Simple Access Berkeley DB Using STLdb4

STLdb4 makes C++ programming with the Berkeley DB simpler and more effective.

Transactions are supported either by passing an explicit transaction object to each method or by setting the implicit transaction on Database objects. The latter style can be very convenient in cases when the overloaded array operator is used, which does not allow a transaction object to be passed in (only one argument can be passed to the array operator).

When explicitly passing a transaction object to the database for each method call, the Transaction class has the commit() and abort() methods either to ensure the data is stored safely on disk or the whole transaction is fully reverted. When the last reference to a transaction object goes out of scope, it will call commit() in its destructor if it was not already committed or aborted.

If you are operating on only one database, you can largely avoid the Transaction class and use the start() method of the Database class to begin an implicit transaction. When using an implicit transaction, the commit() and abort() methods of the Database class perform the transaction finalization actions.

The simplest method of using transactions is shown in Listing 8. Things of note in the example include the use of a database environment, which in this case will include initialization of the Berkeley DB transaction subsystem. A transaction object must be passed to the Database object when it is created. In the Database constructor, I pass a new Transaction that will be handed in as an fh_trans smart pointer, which will clean up the Transaction object for me after the Database object is constructed. When executed, the Initial value and Final value lines will print the same information to cerr.

The same transaction can be used with multiple databases by holding onto the transaction object smart pointer and associating it with each database. This is shown in Listing 9. The second part of the example uses setImplicitTransaction() to associate the databases with the current transaction.

The default action of a Transaction object can be changed to calling abort() by setting setDefaultDestructionIsAbort(true) on the transaction object. This is very handy for use with a Resource Acquisition Is Initialization (RAII) programming style to revert a transaction automatically if any exception occurs in a code block. This RAII style is shown in Listing 10. The code block marked starting at the comment (AA) sets the default destruction action for a transaction to call abort() and then modifies the database with this transaction. An exception is explicitly thrown that will cause the Transaction object to be destroyed (its last reference being the one held by tr on the stack). This will call abort() for the transaction, and we will eventually print the old “bar” value at the end of the example.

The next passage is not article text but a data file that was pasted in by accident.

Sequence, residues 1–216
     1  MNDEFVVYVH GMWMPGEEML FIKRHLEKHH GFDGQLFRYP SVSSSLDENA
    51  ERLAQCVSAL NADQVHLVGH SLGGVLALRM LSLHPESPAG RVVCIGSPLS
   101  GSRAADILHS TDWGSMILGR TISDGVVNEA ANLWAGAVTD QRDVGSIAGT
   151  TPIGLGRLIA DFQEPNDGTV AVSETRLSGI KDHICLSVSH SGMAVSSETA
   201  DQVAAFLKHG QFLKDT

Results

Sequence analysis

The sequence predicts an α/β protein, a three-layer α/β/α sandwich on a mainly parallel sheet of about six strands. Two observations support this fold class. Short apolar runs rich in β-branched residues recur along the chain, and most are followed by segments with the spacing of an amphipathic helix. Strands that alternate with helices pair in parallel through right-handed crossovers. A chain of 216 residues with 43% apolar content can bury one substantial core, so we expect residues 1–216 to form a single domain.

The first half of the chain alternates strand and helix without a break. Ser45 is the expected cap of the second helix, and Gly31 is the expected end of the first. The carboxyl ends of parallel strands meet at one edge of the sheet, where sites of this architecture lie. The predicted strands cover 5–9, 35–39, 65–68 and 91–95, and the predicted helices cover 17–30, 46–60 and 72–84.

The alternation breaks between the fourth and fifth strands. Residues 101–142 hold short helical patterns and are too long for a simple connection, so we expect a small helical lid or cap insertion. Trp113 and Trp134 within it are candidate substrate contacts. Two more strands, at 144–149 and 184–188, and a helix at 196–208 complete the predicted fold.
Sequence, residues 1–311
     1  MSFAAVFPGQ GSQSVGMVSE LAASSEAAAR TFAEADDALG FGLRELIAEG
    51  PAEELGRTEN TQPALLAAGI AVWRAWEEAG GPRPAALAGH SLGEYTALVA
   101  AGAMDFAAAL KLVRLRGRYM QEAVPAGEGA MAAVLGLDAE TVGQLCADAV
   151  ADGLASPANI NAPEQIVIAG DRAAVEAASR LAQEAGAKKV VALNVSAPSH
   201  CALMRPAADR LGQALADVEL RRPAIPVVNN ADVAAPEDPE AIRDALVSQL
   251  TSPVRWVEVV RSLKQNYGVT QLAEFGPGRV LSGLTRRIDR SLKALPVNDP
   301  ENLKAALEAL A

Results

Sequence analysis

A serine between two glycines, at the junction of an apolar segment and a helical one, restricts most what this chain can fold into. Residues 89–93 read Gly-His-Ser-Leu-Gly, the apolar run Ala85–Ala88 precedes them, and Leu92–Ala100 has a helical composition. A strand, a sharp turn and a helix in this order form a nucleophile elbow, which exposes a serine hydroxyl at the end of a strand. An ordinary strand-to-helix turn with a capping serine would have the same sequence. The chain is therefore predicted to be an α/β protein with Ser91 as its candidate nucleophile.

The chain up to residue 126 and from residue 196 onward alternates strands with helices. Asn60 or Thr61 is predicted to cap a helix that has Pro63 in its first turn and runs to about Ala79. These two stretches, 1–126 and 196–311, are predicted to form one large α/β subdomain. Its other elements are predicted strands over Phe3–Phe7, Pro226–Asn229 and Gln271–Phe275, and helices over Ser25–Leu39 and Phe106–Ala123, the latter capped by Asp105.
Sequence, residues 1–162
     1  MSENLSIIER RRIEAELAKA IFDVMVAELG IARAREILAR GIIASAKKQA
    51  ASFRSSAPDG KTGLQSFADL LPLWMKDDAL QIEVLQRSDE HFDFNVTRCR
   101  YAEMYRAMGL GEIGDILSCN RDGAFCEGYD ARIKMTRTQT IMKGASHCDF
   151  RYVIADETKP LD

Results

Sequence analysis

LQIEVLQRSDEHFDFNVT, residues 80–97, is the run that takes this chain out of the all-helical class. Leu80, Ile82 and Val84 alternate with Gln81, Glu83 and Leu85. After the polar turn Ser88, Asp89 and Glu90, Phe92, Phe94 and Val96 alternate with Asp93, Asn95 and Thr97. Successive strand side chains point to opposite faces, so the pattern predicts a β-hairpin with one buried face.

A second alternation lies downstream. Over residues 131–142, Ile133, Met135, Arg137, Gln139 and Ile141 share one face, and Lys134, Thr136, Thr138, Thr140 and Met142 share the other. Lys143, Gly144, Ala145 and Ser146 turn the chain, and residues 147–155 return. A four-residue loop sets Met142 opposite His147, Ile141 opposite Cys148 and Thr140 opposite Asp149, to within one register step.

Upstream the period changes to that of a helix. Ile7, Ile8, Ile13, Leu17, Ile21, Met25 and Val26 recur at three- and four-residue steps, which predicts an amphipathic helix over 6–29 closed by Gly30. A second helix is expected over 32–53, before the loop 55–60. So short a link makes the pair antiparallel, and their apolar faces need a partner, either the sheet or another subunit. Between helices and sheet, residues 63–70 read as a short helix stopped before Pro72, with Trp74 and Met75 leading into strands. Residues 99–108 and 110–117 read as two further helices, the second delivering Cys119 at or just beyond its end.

The Database::iterator class uses Berkeley DB cursors in its implementation, so the transaction we pass to Database::find() will be used for any operations performed on the database iterator. For example, if getIOStream() was called on diter, STLdb4 would be performing partial I/O using the transaction tr on the Berkeley DB file behind the API.

This use of RAII is very handy for code that wants to make changes to the database in one go, but that might throw an exception along the way.

The setImplicitTransaction() call should be avoided when performing RAII, because it will have the Database keep a smart pointer to the Transaction that will prolong the call to abort() if an exception is thrown.



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STLdb4 looks good but seems a pain to compile

Rich20B's picture

Having read the article STLdb4 looks very good, though trying to get it compiled and installed is a pain.

If anybody else is having problems then I've written my experiences of compiling on Debian Etch here:


Anonymous's picture

After reading this article, I have been using STLdb4, and am very pleased with it! It could use a few touchups, but since you can
always get the raw BerkeleyDB pointer there's nothing I haven't been
able to accomplish yet. *SO* much nicer to work with than the existing C++ implementation. Good job!